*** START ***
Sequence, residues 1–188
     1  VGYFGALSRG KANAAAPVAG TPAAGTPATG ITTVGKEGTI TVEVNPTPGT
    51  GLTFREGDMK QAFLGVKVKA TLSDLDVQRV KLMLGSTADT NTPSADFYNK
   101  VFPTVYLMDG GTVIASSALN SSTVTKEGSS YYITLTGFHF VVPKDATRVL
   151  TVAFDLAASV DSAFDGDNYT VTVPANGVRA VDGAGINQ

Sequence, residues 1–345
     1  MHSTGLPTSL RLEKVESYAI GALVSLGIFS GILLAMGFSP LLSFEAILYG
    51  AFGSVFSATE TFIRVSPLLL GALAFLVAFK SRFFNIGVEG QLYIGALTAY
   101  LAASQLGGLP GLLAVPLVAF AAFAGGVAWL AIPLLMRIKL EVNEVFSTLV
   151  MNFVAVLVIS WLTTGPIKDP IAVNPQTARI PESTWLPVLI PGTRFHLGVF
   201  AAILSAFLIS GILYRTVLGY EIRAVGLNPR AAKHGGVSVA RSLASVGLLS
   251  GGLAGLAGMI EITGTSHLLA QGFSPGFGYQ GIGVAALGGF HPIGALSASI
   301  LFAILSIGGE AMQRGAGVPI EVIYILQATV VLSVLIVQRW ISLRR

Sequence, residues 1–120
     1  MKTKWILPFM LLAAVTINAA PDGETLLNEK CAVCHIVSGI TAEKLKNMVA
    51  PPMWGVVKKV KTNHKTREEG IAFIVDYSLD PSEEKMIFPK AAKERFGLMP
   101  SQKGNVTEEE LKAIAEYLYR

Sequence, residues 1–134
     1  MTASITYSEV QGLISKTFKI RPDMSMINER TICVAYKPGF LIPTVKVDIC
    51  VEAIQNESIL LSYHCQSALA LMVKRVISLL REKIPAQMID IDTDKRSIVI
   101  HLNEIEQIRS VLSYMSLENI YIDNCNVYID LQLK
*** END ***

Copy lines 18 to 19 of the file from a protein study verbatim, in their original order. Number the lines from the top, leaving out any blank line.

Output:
Sequence, residues 1–134
     1  MTASITYSEV QGLISKTFKI RPDMSMINER TICVAYKPGF LIPTVKVDIC